With the loss, Beaufort Academy ended its season 5-6.

Wardlaw Academy moves on to meet Northside Christian in the state championship game in St. Matthews on Friday, Nov. 17. 

The Eagles fell behind Wardlaw Academy and faced numerous deficits in the playoff game. 

Beaufort Academy, which featured standout athlete Deshaun Epps throughout the 2017 season, notched wins over Patrick Henry Academy, Northside Christian Academy, Calhoun Academy, Cathedral Academy and Hilly Hill Academy during its 2017 season. The Eagles defeated Holly Hill Academy 43-6 in the opening round of the SCISA 8-Man Division II Playoffs. Beaufort Academy’s 2017 season included additional losses to St. John’s Christian Academy, Clarendon Hall, Faith Christian, Andrew Jackson Academy and Coastal Christian Prep. 

Multiple members of the Beaufort Academy football team are already earning postseason honors. 

Beaufort Academy’s Epps named Player of the Year

The honors are rolling in for Beaufort Academy football players. Beaufort Academy standout Deshaun Epps has been named the SCISA 8-Man Division I Player of Year. Along with Epps, four other Beaufort Academy players have been named to the all-region team.

Epps thrived throughout the 2017 season, rushing for 1,979 yards and 20 touchdowns and also hauling in 13 receptions for 363 yards and five TDs for the Eagles.

Several Beaufort Academy players excelled during the Eagles’ latest season. Along with Epps, teammates Jaxon Spratling, Will Warren, Edward McCormick and Daniel Richards were named to the all-region team. Spratling, Warren, McCormick and Richards were all key to the Eagles’ success in the 2017 season.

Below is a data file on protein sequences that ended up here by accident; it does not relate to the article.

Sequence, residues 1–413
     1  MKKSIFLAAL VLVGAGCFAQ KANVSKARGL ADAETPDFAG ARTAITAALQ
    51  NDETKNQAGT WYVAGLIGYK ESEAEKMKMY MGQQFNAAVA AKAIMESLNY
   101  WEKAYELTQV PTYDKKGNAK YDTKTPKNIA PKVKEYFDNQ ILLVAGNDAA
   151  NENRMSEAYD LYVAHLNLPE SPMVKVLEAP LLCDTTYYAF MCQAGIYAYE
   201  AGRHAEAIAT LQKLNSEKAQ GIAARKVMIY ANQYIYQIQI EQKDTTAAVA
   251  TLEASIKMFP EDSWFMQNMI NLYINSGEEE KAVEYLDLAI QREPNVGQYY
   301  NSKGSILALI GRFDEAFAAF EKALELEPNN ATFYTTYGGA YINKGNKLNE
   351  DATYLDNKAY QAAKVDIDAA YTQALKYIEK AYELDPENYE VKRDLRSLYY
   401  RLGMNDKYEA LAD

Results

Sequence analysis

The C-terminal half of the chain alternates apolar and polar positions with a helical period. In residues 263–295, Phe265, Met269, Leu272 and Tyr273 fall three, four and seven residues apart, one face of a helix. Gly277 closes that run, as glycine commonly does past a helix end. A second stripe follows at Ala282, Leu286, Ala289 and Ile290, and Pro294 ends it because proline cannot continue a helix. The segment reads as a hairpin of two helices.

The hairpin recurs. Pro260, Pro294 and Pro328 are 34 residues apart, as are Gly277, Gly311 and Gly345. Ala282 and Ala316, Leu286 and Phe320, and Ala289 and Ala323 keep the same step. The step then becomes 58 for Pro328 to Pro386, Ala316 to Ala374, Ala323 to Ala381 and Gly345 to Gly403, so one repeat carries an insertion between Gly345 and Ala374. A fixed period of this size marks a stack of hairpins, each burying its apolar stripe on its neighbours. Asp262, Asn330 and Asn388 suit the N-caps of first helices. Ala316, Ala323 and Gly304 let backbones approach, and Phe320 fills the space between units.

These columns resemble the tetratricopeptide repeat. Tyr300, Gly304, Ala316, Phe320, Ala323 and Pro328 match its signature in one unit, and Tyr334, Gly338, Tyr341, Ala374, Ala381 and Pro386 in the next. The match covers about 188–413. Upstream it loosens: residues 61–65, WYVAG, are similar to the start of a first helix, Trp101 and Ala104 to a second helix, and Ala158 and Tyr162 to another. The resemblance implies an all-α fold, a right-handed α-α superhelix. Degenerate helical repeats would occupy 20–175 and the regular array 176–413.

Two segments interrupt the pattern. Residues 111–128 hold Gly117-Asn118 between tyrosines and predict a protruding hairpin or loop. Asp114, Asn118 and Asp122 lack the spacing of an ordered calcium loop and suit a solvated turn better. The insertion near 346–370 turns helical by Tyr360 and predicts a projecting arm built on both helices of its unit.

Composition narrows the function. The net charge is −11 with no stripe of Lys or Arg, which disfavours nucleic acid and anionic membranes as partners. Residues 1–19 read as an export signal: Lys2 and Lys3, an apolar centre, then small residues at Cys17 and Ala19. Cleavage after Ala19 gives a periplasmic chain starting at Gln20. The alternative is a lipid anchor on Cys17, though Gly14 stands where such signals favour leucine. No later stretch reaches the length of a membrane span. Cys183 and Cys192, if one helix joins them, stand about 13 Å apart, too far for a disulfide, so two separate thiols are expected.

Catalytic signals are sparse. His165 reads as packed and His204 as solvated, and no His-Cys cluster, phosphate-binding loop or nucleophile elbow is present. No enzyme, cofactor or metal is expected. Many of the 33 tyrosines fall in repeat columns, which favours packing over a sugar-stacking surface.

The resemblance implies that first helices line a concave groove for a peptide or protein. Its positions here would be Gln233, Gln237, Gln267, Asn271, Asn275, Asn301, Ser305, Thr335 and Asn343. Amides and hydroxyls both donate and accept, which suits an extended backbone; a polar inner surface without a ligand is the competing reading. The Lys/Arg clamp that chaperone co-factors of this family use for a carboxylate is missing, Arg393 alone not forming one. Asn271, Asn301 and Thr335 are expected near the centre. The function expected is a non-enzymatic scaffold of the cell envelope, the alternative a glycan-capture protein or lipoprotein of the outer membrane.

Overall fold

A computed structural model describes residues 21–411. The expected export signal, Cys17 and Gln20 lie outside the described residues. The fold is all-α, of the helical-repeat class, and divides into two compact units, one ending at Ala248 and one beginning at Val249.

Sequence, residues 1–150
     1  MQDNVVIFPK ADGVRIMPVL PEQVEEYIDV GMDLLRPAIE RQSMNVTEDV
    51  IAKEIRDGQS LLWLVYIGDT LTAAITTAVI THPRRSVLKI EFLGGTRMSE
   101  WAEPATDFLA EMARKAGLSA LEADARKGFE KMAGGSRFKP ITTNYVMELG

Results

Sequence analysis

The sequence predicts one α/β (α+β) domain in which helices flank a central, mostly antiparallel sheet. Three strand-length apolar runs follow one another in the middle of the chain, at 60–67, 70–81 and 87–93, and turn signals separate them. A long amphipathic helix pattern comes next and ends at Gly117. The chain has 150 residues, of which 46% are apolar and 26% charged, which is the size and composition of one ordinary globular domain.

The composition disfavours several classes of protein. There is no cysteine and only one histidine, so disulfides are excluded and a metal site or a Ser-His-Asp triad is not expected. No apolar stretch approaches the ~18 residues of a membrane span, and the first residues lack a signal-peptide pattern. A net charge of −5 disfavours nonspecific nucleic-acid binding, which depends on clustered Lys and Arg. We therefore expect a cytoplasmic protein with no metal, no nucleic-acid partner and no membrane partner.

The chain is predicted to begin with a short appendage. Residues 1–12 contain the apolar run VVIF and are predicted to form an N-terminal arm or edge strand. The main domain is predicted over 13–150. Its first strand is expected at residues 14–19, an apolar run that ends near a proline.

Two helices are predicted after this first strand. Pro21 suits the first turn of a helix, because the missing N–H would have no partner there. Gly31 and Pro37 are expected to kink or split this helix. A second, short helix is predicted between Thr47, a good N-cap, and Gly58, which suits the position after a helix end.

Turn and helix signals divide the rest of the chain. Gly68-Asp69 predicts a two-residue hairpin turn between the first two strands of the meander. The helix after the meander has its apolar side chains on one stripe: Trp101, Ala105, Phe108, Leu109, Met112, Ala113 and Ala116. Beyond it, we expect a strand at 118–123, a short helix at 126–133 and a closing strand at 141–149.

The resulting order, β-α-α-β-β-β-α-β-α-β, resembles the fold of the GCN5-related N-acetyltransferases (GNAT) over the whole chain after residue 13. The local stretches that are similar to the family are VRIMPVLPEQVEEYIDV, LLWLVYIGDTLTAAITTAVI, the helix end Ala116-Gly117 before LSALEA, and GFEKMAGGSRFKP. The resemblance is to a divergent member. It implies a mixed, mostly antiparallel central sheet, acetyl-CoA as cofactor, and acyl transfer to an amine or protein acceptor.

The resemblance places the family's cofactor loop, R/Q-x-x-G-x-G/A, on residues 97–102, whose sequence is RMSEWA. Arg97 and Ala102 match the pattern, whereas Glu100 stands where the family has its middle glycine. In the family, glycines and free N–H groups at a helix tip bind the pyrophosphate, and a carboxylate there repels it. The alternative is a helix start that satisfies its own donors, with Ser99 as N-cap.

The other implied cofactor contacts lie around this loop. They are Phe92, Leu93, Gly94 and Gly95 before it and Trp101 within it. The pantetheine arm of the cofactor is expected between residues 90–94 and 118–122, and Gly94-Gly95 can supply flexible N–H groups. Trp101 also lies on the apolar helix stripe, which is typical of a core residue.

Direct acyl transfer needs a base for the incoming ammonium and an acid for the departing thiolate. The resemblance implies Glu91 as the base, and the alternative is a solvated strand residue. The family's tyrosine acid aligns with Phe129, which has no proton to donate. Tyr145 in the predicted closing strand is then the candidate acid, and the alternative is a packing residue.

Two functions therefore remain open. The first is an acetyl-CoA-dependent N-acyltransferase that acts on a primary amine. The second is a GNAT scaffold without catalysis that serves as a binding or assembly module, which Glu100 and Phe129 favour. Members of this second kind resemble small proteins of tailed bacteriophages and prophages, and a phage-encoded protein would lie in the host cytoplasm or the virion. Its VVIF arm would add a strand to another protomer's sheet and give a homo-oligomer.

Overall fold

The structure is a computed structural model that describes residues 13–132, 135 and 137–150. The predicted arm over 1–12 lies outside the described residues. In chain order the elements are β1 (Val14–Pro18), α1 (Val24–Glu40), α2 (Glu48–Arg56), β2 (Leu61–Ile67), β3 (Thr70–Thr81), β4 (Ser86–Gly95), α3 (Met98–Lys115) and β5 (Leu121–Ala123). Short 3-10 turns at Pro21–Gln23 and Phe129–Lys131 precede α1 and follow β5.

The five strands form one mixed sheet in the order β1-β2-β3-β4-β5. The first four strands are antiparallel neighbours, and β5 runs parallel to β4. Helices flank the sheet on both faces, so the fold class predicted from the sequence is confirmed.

In addition to earning the all-region honors, Warren and Spratling also were selected to SCISA North/South All-Star game. Warren and Spratling will have an opportunity perform on a big stage during the upcoming all-star event. 

GIRLS’ HIGH SCHOOL TENNIS

Daniel earns second All-State honor

Reigning Region 8, 4-A Champion McKenzie Daniel of Beaufort High School has earned the honor of making the 4A-5A  All State Tennis Team for a second year. 

Daniel, a ninth-grader, finished in the top 10 in the state. The Beaufort High School student-athlete placed in the Top 10 at the State Singles Tournament, defeating Claire Floyd from River Bluff and both Adair Still and Julia Price from Greenwood. 

An accomplished student-athlete, Daniel ranks as one of the state’s top young girls’ high school tennis players. 

Watchdog citizens strengthen communities

in Voices by

By Richard Eckstrom
S.C. Comptroller